Previous first-hires by new Tampa Bay Lightning owners
Yesterday's announcement of Steve Yzerman as the Lightning's new general manager sent shockwaves through the NHL as well as the Tampa Bay sports world. Yzerman is the cream of the crop of class acts. You cannot go much higher regarding hiring someone as highly thought of as Yzerman.
Of course, there is the side plot of how Jeff Vinik operates as an owner. We've learned his modus operandi well since the conclusion of the NHL season: The deliberation, the perseverance, the methodology, and ultimately the silence and stealth of the action. His dedication to his cause trumped the populist panic that was setting in among Lightning faithful regarding the absent GM post.
The Vinik ownership is the Lightning's fourth regime change in its history, and the three preceding owners told us quite a bit when they made their first hires of public positions for the team (GM's or coaches).
Here's a brief retrospect of the Lightning owner "first hires" from 1998 onward.
Art Williams (1998) - A dark time for the Lightning franchise. Not for Williams purchase of the team but the disarray that had preceded it. Kokusai Green and it's mystery owner, Takashi Okubo, had been attempting to offload the club for more than a year. The Maloof family had kicked the tires of the team and run the 1997 draft before ultimately saying "thanks but no thanks" and walking away.
Williams swooped in and trumped an offer from future-owner Palace Sports and Entertainment to purchase the Lightning. Though he's ridiculed in history for the "Michael Jordan of Hockey" label for Vincent Lecavalier (and his I Am A Stud T-shirt), Williams brought financial stability and solvency to the Lightning that the team sorely lacked. He erased the team debt and...
...Fired Phil Esposito after Esposito overstepped the player budget that Williams had laid out for him during the 1998 offseason. This was ultimately the highest profile move he made with the club. Then head-coach Jacques Demers was promoted to the role of General Manager on top of his coaching duties. At best, the hiring told us that Demers was a steward for the club until someone better came along. That would be the ultimate truth.
It also told us that Williams was in a bit deeper than he expected to be, and needed to change direction STAT, and didn't know the way forward..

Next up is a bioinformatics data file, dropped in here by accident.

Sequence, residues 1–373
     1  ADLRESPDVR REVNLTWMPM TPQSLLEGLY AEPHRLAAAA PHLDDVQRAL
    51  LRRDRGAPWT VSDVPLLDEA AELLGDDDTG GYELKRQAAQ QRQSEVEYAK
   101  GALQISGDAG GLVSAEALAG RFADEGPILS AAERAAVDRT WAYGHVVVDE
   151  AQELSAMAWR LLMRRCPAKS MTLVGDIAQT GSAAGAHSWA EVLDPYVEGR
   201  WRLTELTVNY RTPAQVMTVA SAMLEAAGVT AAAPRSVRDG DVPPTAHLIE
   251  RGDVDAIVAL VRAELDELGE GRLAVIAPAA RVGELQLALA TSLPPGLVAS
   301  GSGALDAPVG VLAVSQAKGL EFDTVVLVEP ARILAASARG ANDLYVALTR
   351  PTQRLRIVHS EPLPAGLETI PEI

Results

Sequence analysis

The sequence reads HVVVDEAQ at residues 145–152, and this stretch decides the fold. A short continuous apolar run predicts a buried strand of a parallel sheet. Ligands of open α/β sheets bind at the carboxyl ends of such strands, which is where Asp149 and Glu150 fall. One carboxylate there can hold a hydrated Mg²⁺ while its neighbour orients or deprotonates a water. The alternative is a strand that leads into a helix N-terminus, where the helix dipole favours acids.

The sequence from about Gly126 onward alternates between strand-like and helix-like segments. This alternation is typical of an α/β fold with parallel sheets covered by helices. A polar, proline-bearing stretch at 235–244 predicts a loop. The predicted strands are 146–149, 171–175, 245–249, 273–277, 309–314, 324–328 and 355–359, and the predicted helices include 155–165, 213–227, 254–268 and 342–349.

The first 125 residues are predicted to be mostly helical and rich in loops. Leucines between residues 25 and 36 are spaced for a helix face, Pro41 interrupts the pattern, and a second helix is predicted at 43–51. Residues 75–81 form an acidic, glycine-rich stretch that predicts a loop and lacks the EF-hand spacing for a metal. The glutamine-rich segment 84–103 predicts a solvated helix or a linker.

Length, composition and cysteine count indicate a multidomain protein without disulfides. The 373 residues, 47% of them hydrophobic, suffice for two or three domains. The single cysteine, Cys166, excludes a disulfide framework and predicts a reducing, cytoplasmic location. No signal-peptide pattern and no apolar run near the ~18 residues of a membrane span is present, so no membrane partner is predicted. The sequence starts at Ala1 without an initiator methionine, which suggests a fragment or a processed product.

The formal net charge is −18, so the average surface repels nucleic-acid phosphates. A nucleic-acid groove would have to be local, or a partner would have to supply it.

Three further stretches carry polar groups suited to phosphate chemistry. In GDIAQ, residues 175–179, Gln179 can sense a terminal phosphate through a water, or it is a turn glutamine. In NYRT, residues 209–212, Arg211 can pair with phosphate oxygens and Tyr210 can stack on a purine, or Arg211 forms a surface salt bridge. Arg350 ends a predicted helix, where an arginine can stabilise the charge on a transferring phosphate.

Palace Sports and Entertainment (1999) - Williams sold the Lightning for a heavy loss mere months after his purchase. Palace Sports and Entertainment, owned by Bill Davidson with CEO Tom Wilson running the show, had a winning track record of franchise and venue operation, as well as confidence in their own people.
Demers was relieved of his duties by former Ottawa Senators GM Rick Dudley. Dudley, who had previously been GM of the Palace Sports-owned Detroit Vipers of the IHL, was brought on board at a price: A second round draft choice in 1999 and fan favorite Rob Zamuner. This really stressed the fact that Palace Sports believed in the people they had worked with previously. It could be looked at as cronyism as well, but with their intentions to rebuild the team in a five year plan (and not institute a quick-fix spending spree), paying a price for executive service was a sacrifice they were willing to make. It was a safe move, and a sound move in the minds of Wilson and company.
In year five of their five-year-plan, Lord Stanley's Cup was secured. Take that for what you will.
OK Hockey (2008) - In more recent history that hasn't faded from the psyche of Lightning fans, Palace Sports sold the Lightning to Oren Koules, Len Barrie and partners during the 2007-08 season. As the nightmare of a season concluded, rumors about head coach John Tortorella's dismissal and who would replace him had been festering for weeks already. Rumors from the Canadian press told us that Barry Melrose, ESPN commentator and former head coach of the Los Angeles Kings, was to be hired to replace Tortorella.
The earliest date I can reference to a public post of the news/rumor April 27th, 2008, yet it had begun circulating much longer. Tortorella himself wouldn't be dismissed until June 3rd, with Melrose ultimate hiring on June 25th.
This - Lightning internal news playing out in the Canadian press before happening - would be repeated time and again under the stewardship of OK Hockey. Dan Boyle being traded was denied - then it happened. Internal strife between ownership was also denied. Then it exploded in the press weeks later, stealing the limelight from the NHL Draft.
Ultimately, the first hires by each owner have told a grander tale of what we should expect from the owners in general. For Williams - it was simply the fact he needed someone to hold things steady. For Palace Sports, it was making a sound hiring of what they already knew and had confidence in. For OK Hockey, it was the general memo that they'd confide in Canadian press and let rumors out.
As for Jeffrey VInik, the attitude and character of Steve Yzerman as well as the ultimate GM search told us many things. Compare it directly to the hiring of Melrose and while the splash is comparable, the gentlemen are not comparable at all.
The other ultimate truth to take from Vinik's first hire is that, indeed, his aim for the organization is to be world class. Where it goes from here is a story that fans can look forward to seeing written as it happens.